Evocati: Evocati were soldiers who had served their full time but had re-enlisted at the general's request - veteran volunteers

Extraordinarii: Extraordinarii Soldiers set aside for special backup services. This force usually contained 20% of the infantry and 33% of the cavalry

Hastiliarius: Hastiliarius was a weapons instructor

Hastati: Hastati (raw troops). The soldiers of the first line consisted of youths and were armed with the hasta, or spear

Imaginifer: Imaginifer: Carried the Standard bearing the three dimensional image of the Emperor
 
Immunes: Immunes were soldiers who had special skills and who were "immune" from combat duty and fatigues through having a more specialist role within the army

Lancearii: Lancearii - Spear armed mail clad field troopers

Legate (Legatus or Legatus legionis): Legatus or Legatus legionis A legatus (often anglicized as legate) was a general in the Roman army,

Libritors: Libritors were artillerymen who operated siege engines such as the onager

Miles or Miles Gregarius: Miles or Miles Gregarius - The basic private level foot soldier

Munifex: Munifex The lowest rank in a legion. Equivalent to a private

Optio: Optio A legion centurion's second in command

Peditatus: Peditatus - a term referring to any infantryman

Pilus prior: Pilus prior A high ranking officer within a manipuli who also commanded the cohorts

Praetor: Praetor was the commander of an army

Prefectus: Prefectus A general term used for the holders of different ranks in the military

Prefectus castrorum: Prefectus castrorum The third in command in a legion

Prefectus equitatius: Prefectus equitatius An officer commanding a unit of cavalry

Prefectus fabrorum: Prefectus fabrorum An officer who had responsibility for the craftsmen supplying services to the military. Blacksmiths, metal workers etc

Primus Pilus: Primus Pilus: Legion Commander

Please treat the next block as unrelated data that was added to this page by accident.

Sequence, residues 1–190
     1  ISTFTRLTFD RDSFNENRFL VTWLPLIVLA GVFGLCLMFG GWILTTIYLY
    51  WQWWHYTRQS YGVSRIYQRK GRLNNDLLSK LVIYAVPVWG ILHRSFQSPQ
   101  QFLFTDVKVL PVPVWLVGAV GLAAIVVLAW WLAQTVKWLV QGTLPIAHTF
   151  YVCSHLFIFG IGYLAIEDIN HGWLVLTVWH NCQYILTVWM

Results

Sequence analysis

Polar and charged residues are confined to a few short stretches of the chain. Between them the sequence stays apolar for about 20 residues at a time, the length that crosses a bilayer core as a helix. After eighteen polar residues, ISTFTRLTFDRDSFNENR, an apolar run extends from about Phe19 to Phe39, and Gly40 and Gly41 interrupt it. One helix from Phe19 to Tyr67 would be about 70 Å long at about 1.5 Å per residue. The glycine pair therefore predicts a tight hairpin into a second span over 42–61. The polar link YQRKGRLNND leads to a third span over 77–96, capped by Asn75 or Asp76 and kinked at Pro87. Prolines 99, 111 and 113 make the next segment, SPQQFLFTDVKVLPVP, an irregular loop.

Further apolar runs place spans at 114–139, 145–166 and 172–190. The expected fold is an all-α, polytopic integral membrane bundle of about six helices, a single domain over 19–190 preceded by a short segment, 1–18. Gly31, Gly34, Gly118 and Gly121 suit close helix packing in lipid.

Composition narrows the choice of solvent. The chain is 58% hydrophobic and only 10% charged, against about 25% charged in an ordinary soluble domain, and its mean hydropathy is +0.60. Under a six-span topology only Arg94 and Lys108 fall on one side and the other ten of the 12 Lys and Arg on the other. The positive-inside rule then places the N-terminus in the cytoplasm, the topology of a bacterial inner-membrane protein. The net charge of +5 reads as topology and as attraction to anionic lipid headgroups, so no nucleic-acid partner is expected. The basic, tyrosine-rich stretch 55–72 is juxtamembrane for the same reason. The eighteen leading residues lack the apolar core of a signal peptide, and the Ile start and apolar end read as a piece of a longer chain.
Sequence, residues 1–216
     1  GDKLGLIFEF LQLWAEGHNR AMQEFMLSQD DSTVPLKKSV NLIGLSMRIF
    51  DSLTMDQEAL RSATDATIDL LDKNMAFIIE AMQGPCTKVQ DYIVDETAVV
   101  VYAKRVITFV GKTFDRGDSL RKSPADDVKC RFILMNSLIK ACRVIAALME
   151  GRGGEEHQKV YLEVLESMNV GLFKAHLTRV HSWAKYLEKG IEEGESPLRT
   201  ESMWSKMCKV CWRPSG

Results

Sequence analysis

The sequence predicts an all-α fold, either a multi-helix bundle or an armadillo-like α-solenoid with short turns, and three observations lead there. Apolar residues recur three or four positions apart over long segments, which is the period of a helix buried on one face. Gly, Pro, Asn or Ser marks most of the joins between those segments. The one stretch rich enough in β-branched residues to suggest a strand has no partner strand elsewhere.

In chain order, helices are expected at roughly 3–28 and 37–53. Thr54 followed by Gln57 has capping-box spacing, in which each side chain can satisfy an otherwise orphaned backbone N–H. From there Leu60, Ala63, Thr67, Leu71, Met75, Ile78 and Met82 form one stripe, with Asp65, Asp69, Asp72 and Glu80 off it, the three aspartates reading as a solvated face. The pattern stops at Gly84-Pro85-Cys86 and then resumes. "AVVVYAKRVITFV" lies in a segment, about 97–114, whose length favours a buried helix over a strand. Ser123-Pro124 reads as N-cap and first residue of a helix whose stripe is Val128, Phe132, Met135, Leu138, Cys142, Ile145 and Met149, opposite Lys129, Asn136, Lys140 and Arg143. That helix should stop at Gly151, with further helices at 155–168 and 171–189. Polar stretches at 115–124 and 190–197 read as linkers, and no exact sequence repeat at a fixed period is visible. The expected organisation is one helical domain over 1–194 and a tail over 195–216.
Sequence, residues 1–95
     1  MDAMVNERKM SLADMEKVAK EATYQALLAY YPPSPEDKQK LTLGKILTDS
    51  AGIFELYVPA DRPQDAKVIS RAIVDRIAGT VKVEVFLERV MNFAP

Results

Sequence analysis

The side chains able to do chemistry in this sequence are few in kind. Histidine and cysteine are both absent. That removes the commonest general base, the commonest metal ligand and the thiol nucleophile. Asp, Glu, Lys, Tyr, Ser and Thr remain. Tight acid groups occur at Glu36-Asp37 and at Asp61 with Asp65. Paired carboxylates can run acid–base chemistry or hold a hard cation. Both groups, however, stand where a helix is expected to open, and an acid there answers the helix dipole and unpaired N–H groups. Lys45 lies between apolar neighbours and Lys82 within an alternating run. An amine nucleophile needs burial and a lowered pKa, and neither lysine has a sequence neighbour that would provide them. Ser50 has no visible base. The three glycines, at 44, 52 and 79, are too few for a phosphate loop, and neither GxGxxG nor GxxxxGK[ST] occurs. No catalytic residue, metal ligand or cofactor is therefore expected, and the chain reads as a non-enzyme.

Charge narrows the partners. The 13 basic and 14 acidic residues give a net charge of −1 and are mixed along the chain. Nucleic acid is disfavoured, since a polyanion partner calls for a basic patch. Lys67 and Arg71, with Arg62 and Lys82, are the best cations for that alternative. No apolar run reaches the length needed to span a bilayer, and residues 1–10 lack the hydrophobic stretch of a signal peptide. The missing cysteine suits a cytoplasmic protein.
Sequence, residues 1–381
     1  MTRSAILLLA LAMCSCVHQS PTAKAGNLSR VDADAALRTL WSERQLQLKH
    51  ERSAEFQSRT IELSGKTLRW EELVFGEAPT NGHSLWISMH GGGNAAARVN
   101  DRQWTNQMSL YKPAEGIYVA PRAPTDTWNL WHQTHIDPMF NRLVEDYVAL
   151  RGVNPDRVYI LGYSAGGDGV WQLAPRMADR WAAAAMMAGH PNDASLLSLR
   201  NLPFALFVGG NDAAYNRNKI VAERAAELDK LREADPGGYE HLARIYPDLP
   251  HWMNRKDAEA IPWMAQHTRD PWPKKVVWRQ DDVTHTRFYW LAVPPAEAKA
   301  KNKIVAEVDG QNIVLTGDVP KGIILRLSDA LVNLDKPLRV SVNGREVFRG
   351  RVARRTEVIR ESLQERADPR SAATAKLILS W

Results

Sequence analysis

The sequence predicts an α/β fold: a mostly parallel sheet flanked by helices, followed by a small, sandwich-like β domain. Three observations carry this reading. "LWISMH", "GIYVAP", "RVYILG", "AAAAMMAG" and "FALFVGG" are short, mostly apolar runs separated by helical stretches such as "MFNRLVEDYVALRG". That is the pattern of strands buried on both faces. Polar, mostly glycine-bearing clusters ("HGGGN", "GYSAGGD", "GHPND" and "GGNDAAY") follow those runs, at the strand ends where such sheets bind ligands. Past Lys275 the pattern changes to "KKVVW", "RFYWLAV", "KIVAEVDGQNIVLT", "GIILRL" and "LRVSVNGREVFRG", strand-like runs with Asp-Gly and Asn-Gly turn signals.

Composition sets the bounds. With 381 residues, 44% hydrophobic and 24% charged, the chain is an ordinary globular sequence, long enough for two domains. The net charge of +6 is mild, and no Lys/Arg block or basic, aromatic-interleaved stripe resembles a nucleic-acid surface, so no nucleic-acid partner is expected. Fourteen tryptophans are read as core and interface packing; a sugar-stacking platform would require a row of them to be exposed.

Principes: Principes (trained troops) composed of experienced men

Quaestionarius: Quaestionarius - an interrogator or torturer.

Sagittarii: Sagittarii - archers, including horse-riding auxiliary archers recruited mainly in the Eastern Empire and Africa

Scorpionarius: Scorpionarius was an artilleryman operating a scorpion artillery weapon
 
Signifier: The Signifier carried the Century's standard (signum) into battle and was also the treasurer for the Century. Senior Officer in a Century

Socii: Socii - Conscripts

Triarii: Triarii (veterans) Experienced soldiers were armed with the pilum, four and a half feet long, of wood, with a barbed head of iron, so that the whole length of the weapon was six feet nine inches.

Tribune (Tribunus): Tribune (Latin:Tribunus) One of six assistants to a legion commander, the Primus Pilus. Usually a young senator learning the basics for his career

Tribunus Cohortis: Tribunus Cohortis: Commander of a Cohort military unit.

Tribunus Cohortis Urbanae: Tribunus Cohortis Urbanae: Urban cohort commander.

Tubicines: The trumpeters

Velites: Velites The light soldiers. Unlike the Hastaii, they did not have full armour, although they did have a helmet and a shield. They were also armed with a sword, but had a only a short javelin as opposed to a pilum.

Venator: Venator - a hunter (a type of immunes)

Vexillarius: The bearer of the vexillum standard

Roman Army Ranks
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Roman Army Ranks

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Roman Army Ranks